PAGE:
Utilizing 12v DC Systems for Primary or Emergency Power

By: Tom Chatham

When the grid power that you depend on suddenly stops for an extended time, you need an alternative supply to work with. If you have an off grid home you will have the same options to look at for power. The main thing is if you are living off grid for extended periods you will need to analyze how you create and utilize that power.

Using a backup generator for a few days every year is a far cry from providing all of your power on a continuous basis. A backup generator is great but most of them are not built to provide power on a continuous basis. Even if you had the fuel supply to run it for a year it is likely your generator will break down after only a few hundred hours if you are even that lucky. I have seen a brand new generator suffer an electrical failure after the first hour of operation with no load on it. The motor had to have an electrical component replaced inside the motor which required a mechanic with the proper tools and the replacement part.

For those that want or need to live off the grid it is necessary to look at the power system and understand where the weak links are. If you find yourself in a situation where you must provide all of the maintenance and repairs yourself, you must have the necessary tools and repair parts as well as the knowledge to do the job. In a longterm situation, the simpler the system is the more reliable it will be and the less you will need to fix over time. There are systems that are well made if you can afford them, and they will give many years of service but eventually you will run into the same problem. You may be called on to repair them some day and most people are not prepared to do that.

If you are contemplating a retreat to shelter you from some kind of catastrophic event, you will want something that the average person can work on and maintain with minimal effort for thousands of hours. It is common to find that the most efficient and easy to use systems are filled with high tech components that the average person does not understand and has no hope of fixing given a component breakdown. The more electrical components you have in your power chain from the generator to the appliance you wish to run, the more chance you have for a failure of some type that requires replacement of a component or equipment to restore electrical power.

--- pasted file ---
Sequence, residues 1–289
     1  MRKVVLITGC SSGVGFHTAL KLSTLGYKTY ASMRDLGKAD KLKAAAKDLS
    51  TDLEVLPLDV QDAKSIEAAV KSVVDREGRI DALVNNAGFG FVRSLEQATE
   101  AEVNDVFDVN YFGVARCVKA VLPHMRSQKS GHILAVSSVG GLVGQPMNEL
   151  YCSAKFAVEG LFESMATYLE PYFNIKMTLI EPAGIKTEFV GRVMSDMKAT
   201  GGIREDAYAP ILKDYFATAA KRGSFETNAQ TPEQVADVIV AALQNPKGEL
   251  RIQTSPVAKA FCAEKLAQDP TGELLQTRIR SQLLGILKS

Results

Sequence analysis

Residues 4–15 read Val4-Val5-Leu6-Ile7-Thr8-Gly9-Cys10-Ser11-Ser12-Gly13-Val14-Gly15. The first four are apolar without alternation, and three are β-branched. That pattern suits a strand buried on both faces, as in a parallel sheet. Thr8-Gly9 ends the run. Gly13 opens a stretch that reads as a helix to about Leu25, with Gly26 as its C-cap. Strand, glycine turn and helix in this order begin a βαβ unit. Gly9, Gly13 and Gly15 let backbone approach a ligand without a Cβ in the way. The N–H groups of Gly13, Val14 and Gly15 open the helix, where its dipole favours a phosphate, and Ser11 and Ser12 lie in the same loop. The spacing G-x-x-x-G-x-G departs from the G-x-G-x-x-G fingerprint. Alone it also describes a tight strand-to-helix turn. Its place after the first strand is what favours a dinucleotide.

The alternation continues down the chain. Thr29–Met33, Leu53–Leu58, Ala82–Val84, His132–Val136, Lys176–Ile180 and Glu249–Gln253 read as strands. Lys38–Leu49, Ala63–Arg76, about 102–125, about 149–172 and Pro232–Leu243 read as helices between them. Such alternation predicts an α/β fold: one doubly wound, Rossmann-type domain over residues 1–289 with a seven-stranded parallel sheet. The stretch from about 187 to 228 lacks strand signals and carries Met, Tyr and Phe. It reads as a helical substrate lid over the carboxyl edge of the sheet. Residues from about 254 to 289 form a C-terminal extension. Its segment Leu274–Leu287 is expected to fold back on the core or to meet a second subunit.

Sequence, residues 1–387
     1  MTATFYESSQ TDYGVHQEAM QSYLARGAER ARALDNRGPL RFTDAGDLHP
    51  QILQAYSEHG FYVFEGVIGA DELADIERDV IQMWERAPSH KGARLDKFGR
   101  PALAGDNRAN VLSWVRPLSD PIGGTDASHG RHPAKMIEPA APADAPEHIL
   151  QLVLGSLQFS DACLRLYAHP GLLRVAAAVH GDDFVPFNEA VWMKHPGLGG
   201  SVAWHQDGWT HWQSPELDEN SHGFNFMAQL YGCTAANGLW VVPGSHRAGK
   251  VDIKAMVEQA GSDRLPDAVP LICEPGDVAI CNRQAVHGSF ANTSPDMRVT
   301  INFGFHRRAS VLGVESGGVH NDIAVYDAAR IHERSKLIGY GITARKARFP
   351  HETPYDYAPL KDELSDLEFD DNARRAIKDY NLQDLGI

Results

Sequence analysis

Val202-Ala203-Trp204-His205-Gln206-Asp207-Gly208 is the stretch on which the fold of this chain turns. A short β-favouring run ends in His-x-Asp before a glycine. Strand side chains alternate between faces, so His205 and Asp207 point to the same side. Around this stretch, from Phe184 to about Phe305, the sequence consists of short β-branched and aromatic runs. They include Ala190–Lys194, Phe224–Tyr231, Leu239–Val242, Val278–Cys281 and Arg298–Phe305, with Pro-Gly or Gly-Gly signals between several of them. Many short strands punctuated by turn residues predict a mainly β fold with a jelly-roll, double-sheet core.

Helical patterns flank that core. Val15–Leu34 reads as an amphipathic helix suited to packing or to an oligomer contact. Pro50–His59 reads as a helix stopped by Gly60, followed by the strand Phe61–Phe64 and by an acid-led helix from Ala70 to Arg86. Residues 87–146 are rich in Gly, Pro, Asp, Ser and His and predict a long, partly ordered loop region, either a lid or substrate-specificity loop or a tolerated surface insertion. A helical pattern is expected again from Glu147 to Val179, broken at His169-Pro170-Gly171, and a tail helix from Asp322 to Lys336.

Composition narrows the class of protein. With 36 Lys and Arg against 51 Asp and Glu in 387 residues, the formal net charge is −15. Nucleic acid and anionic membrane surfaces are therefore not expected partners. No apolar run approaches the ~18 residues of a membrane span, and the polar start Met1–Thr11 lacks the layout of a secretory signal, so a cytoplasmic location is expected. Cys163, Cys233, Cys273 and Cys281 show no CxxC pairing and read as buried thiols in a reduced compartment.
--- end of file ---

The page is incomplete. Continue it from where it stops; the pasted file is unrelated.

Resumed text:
Living off grid you have three basic choices for electrical power. You can have no electrical power, use 110v AC or 12v DC. In many cases you will have a combination of AC and DC components. To keep things simple you may want to analyze your situation and determine if using only 12v DC power may be best longterm.

Utilizing only 12v systems will greatly simplify your system and make it easier for the average person to fix when something breaks. A pure 12v system works well with alternative power generation such as solar, wind and hydro. In most cases you are generating power and storing it in a battery bank for later use. If your appliance is 12v DC you will be able to run this item straight off the battery system . In this instance you have reduced your components to the very minimum. Generator, regulator, battery and appliance. This is basically how the electrical system on a car is set up.

This very basic electrical system is easy to maintain, very durable and easy to repair. An automotive alternator can operate for thousands of hours and can be rebuilt with a few tools and repair parts by anyone with some mechanical ability. The automotive regulator either internal or external is easy to replace and easy to stock extras for future use. There are many 12v DC appliances available that can be useful in an off grid household to include refrigerators and freezers.